Memorandum by the Director, Office of Philippine and Southeast Asian Affairs (Lacy) to the Assistant Secretary of State for Far Eastern Affairs (Rusk)


Subject: Embassy Djakarta and STEM views on Indonesian Aid Programs

Harris’1 recommendations for ECA aid to Indonesia are contained in Djakarta’s Toeca 124 of March 16.2 Ambassador Cochran’s comments are made in Djakarta’s 1263 of March 17.2 There is revealed [Page 620] (1) significant elements of agreement, (2) profound disagreement as to the size and terms of FY 1952 aid, and (3) deep-rooted and important reasons for the disagreement.

(1) (a) STEM recommends and Cochran concurs that the FY 1951 program be increased by $3,270,000 additional grant aid, above the $6,036,000 already committed, for projects already morally committed to Indonesian Government departments. The additional grants would be for small industry $475,000; agricultural and fisheries $495,000; and public health $2,300,000.

(b) There is no apparent difference of opinion regarding Indonesia’s financial ability to pay her way completely in FY 1952.

(c) Cochran and STEM agree that we should offer grant technical assistance programs to Indonesia in FY 1952 and agree that we should continue to be prepared to lend to Indonesia for further “sound” projects.

(2) STEM recommends a grant program for FY 1952 of $10 million, together with reservation of additional $10–$15 million to be made available for loans for projects now mostly “in haphazard stage requiring considerable additional work”. The proposed STEM program would be “roughly distributed as follows”:

Technical Assistance $4,500,000
(not broken down but for: i, “second level supervisors to oversee and carry through actual [technical]3 operations; ii, technical assistance for training Indonesians as supervisors as above; iii, selected economists as advisers to Ministry of Finance, Trade and Industry, and Financial and Economic Council”)
Public Works 2,000,000
(“road building, port reconstruction, etc.”)
Trans-migration 800,000
Pilot Projects 3,000,000
(“in fields of fertilizer usage, swamp reclamation, mechanized rice production, public health, etc.”)
Total   $9,800,000–$10,800,000

STEM explains that the high figure for these projects is because of the need to include on a grant basis the “minimum commodities” required for the above technical assistance.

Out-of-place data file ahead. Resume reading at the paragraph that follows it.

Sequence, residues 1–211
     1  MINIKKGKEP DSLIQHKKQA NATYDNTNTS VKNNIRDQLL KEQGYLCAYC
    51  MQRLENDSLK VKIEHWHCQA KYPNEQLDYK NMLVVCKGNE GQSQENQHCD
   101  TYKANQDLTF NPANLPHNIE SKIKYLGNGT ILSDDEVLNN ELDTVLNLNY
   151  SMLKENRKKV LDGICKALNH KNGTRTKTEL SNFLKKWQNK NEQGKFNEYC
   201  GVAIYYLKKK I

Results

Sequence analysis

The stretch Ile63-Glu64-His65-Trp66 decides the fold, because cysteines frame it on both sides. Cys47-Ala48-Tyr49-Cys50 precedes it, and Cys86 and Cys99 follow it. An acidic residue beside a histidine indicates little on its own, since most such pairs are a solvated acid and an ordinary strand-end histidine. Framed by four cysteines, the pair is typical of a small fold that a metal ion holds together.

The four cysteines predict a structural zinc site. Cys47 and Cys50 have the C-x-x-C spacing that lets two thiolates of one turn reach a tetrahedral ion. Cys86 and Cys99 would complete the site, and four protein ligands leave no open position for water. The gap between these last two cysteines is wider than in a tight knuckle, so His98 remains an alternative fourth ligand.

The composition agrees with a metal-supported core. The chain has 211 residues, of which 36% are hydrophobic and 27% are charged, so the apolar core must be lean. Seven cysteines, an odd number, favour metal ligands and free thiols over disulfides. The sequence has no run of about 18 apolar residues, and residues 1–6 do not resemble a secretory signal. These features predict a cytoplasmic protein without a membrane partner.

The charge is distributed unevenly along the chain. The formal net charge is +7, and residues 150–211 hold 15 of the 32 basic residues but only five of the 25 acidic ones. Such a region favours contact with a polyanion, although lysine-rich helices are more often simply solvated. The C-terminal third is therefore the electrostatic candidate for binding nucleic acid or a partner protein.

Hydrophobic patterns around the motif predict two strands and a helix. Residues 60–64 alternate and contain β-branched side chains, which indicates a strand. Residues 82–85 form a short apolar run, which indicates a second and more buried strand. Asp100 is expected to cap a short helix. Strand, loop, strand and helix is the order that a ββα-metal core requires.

The Ambassador recommends a “grant of not more than $2.5 million to insure technical STEM staff of modest proportions, continuation of White engineers, certain fellowship and trainee programs and miscellaneous purposes other than purchase of commodities. (my italics)”. The Ambassador suggests that this would not be necessary if Indonesia were to “take advantage of Fulbright and Point 4 arrangements” but he believes it doubtful that these arrangements will be consummated.

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The Ambassador is opposed to additional loans representing “easy financing” and he points out that there remain $40 million available to Indonesia from the $100 million Ex-Im Bank line of credit. But “in event Department feels absolutely necessary compromise with ECA and fears Indonesian Government reaction more seriously than I do, my maximum and reluctant recommendation would be that additional $7.5 million be held in reserve for 1952, not as grant but for repayable loan. This would bring total possible aid to $10 million for FY 1952”. However, in the interests of bolstering the Netherlands-Indonesian political union, he recommends that Indonesia turn to the Netherlands rather than the United States for any new credit that may be required. In this connection, it should be noted that the Department has been and continues to oppose a second lending agency in the United States Government, other than the Ex-Im Bank, provided the Bank’s loans will be made on a “program basis”, i.e., integrated with the economic and political positions of borrowing countries and in terms of our total relations with such countries.

Reasons for Difference of Opinion

STEM believes that (1) Indonesia’s assumption that we are substantially committed to give them grant aid cannot be thwarted without great harm; (2) ECA can and will do a tremendous job of building and directing the Indonesian economy; and (3) strongly implied but not directly stated, ECA but not the Ambassador holds the key to Indonesian hearts and minds.

(1) As to (1) above, STEM has acknowledged that it was unfortunate that the Indonesians were led by STEM to take grant aid for granted, but they believe we must carry through. The Ambassador, on Harris’ statement that the latter “has done utmost eradicate from Indonesian minds impressions they may have erroneously gained from activities Smart”, believes we should approach the problem afresh,